Higdon seemed to miss a few cuts but they were plays on which he might have turned 7 yards into 4 or 5 yards into 3, not egregious misses of chunk plays. And he bought those yards back and more with a couple of tackle-breaking excursions downfield, one on an improv dumpoff from Peters, one on a run where he broke two tackles simultaneously.
Screens and edge, screens and edge. No QB and no confidence you can block the opposition DL and you get the Maryland gameplan, which was the same as last year's game plan and similarly ineffective. Michigan's safeties weren't lining up eight yards deep but they were usually responsive enough to hold edge plays that didn't get crushed immediately down, sometimes to six yards and sometimes to two. Michigan also ran a number of zone looks that gave guys like Metellus an easy play when the ball came to them in the flat.
A switch flips. Maryland had a viable running game, with a number of chunk plays. Those plays:
- Harrison rips off a 36 yard run late in the first half; Winovich trips as he steps on the leg of an OL and McCray is held, blatantly, right in front of the referee, and in the hole.
- Brand rips off a big gain on an inverted veer keeper that cuts back; Hurst and Furbush are the guys who get creased and the LB level is flowing so hard playside that Maryland has an OL releasing who doesn't have anyone to block. Cutback seems intentional.
- Another big gain on a split zone sees Solomon blown out; Bush goes the backside of the play since he's in man coverage on the TE; McCray does not scrape over the Solomon issue and Winovich can't peel back.
- Winovich doesn't set the edge on a stretch and McCray gets outrun.
Was that the shortest QB Michigan's played? Like, ever? Maryland's offensive coordinator apparently told the announcing crew that Ryan Brand, while listed at 5'11", was more like 5'7" or 5'8". This is absurdly small. Surely the smallest QB Michigan has faced since leather helmets, right? I mean, look at this:
YOU WOULD LITERALLY* FIT IN MY BELLY [Sherman]
That looks like Mo Hurst trying to tackle an eighth-grader. A really, really good eighth grader.
Throwback throwback throwback. I wish I could look up stats like "most throws to the QB faced in a season." Michigan's seen it... five times? Purdue did it twice. I think someone else tried it. Maryland had a transcontinental set up for a long gain until they borked it, and later successfully executed a reverse pass to Brand. I'm not sure if it's realistic to expect a DL to see that a pass is backwards and not go in a mad pursuit dash—but maybe the backside end on these plays can be spent checking the QB without affecting much of anything.
McCray did it. Mike McCray got stuck in man coverage on a Ty Johnson wheel route and... did a great job? Yes. That is what the card says. McCray read wheel and, unlike almost every other time this has happened in the last two years, immediately took a conservative downfield angle, easily clearing the WR who was trying to pick him. I think he might have read it presnap since Johnson was a yard or two further outside than he would usually be.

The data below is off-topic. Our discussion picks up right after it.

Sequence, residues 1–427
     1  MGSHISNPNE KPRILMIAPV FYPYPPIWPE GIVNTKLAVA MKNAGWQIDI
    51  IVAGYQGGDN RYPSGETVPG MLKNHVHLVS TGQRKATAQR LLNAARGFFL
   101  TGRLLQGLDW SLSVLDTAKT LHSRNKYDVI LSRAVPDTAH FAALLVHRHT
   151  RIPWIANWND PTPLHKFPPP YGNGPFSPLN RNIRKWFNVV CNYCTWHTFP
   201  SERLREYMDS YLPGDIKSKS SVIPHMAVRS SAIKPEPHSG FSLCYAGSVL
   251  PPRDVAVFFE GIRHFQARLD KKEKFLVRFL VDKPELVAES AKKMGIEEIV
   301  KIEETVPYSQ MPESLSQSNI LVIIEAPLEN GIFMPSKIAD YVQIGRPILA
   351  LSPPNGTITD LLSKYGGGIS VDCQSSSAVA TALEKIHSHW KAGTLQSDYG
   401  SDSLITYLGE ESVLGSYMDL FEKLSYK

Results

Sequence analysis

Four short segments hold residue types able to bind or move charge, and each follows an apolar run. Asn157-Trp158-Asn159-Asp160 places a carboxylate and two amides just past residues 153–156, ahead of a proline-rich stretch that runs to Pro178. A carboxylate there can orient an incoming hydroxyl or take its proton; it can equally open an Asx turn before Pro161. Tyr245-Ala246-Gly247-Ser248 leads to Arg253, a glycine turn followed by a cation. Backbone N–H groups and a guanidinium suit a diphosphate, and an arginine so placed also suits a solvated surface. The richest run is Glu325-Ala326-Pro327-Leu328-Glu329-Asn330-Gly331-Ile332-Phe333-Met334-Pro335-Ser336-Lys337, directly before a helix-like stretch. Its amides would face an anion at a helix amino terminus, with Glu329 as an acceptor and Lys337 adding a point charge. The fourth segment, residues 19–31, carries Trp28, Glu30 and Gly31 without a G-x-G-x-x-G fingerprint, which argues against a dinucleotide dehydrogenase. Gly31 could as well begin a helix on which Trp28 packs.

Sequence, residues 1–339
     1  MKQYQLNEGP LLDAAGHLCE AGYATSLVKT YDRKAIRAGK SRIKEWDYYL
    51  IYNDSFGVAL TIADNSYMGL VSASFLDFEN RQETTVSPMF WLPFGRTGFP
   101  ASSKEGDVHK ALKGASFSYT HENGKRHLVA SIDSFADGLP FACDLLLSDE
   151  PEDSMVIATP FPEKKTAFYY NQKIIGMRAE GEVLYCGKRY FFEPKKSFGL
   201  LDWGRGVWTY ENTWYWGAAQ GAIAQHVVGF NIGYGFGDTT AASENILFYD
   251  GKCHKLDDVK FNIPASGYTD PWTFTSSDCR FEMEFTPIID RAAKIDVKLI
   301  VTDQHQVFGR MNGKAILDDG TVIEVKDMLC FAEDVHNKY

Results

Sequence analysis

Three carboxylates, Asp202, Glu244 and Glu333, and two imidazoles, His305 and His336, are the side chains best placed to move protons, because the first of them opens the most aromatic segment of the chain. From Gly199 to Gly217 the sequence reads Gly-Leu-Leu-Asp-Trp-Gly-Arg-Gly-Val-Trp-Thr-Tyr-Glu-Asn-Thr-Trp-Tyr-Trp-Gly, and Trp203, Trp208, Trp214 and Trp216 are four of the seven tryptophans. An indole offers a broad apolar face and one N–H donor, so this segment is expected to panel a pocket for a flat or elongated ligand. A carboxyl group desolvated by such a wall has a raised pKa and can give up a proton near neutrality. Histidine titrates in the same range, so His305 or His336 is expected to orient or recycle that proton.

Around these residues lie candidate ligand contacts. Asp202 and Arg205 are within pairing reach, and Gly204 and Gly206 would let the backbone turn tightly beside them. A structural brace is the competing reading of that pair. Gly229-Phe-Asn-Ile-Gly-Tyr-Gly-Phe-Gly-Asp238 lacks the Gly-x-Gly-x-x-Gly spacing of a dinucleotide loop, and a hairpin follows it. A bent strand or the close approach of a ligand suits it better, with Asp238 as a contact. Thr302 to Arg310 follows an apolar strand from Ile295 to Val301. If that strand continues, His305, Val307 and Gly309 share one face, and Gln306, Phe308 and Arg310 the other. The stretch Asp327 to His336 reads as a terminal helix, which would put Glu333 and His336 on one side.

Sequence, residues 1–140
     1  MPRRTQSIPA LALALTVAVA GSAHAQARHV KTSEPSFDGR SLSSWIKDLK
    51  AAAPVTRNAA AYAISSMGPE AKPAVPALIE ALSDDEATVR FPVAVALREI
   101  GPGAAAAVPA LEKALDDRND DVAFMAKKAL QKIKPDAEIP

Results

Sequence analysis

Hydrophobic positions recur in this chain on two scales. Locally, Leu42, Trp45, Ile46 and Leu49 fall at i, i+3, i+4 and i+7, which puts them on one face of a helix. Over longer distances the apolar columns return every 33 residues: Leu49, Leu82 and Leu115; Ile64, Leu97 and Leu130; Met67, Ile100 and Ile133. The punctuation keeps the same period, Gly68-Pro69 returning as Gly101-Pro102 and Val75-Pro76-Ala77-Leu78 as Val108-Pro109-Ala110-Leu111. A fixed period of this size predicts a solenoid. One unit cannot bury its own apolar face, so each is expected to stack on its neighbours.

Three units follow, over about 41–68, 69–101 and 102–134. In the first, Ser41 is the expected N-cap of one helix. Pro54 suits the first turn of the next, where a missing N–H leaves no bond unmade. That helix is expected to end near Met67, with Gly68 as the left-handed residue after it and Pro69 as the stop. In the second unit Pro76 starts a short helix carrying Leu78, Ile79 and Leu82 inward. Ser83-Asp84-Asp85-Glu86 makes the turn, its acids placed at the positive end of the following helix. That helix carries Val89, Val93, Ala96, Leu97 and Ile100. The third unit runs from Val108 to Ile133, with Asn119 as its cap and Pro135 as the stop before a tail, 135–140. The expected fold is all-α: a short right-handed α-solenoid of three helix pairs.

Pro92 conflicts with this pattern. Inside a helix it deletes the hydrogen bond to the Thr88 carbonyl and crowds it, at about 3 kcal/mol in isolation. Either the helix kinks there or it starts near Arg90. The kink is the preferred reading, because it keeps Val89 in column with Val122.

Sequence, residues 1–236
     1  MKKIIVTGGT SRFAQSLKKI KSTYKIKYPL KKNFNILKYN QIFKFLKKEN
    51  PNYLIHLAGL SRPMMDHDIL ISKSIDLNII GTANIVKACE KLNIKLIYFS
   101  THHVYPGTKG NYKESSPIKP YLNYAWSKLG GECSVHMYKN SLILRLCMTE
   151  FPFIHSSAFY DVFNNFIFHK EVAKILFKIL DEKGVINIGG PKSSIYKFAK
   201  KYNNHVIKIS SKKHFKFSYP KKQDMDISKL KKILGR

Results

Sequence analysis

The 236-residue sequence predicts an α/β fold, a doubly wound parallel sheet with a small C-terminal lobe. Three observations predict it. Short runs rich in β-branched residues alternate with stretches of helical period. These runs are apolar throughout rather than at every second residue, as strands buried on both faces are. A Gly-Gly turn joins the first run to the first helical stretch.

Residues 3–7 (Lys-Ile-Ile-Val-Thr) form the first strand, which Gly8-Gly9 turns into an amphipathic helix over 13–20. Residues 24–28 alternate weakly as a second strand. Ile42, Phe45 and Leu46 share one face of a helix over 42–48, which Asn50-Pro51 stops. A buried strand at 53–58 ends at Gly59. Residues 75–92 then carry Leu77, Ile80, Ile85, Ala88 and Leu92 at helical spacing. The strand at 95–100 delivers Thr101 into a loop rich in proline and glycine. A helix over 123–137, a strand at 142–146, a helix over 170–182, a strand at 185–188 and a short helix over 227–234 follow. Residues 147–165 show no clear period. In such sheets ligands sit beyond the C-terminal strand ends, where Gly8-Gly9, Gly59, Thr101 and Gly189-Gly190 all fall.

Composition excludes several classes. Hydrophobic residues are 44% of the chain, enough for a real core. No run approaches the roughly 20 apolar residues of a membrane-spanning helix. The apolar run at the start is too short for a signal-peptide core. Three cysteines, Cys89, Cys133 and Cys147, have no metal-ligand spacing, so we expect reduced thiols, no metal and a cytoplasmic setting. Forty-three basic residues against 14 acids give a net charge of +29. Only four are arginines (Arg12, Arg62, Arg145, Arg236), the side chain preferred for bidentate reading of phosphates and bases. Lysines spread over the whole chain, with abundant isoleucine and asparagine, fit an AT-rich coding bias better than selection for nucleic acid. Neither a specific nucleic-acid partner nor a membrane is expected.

Please Uche, hurt 'em. Josh Uche is working his way into the lineup on passing downs these days and provided a clear indicator why on a screen pass where he got to the QB so fast that he hit on the throw. This was actually a negative for Michigan since anything actually at the running back was likely to be intercepted by McCray; that's life. He had a second impressive rush when he bulled a tight end back into the QB on Brand's interception in the endzone.
Uche might be your leader in the McCray replacement derby at, which would be interesting since he was regarded as more of a viper sort earlier in the year. Or maybe he's just a pass rush specialist getting some time.
David Long: person who did a thing. After weeks of wondering how Michigan's cornerbacks were doing since they were always offscreen, never tested, David Long took advantage of an opportunity provided by the Michigan pass rush to turn a Maryland drive into a turnover. He was in man coverage on that play, but it was a slant so he was looking at the QB; he started falling off his man even before the throw was out since he thought Brand was looking at the corner. That was correct, and while it was unlikely be enough on a throw actually to the WR that did not transpire.
Long also had an excellent downfield PBU as he covered Moore. So did Metellus, albeit against some non-Moore WR. It was actually Lavert Hill who (should have) got hit with one in this game, when this...
...turned into a completion, at least until they overturned it. There's a lot of room to the outside there and Brand used it. This fade/corner from the slot receiver against man coverage is clearly what opposing OCs think is the weak bit of the Michigan pass D.
Interception luck doesn't have a good compound word. In addition to the two picks Michigan could have had a couple more. Bush just about undercut a drag route, and later a ball whizzed by his head on a screen; he was too focused on the running back to see the potential interception.
— Sleeper Athletes (@SleeperAthletes) November 11, 2017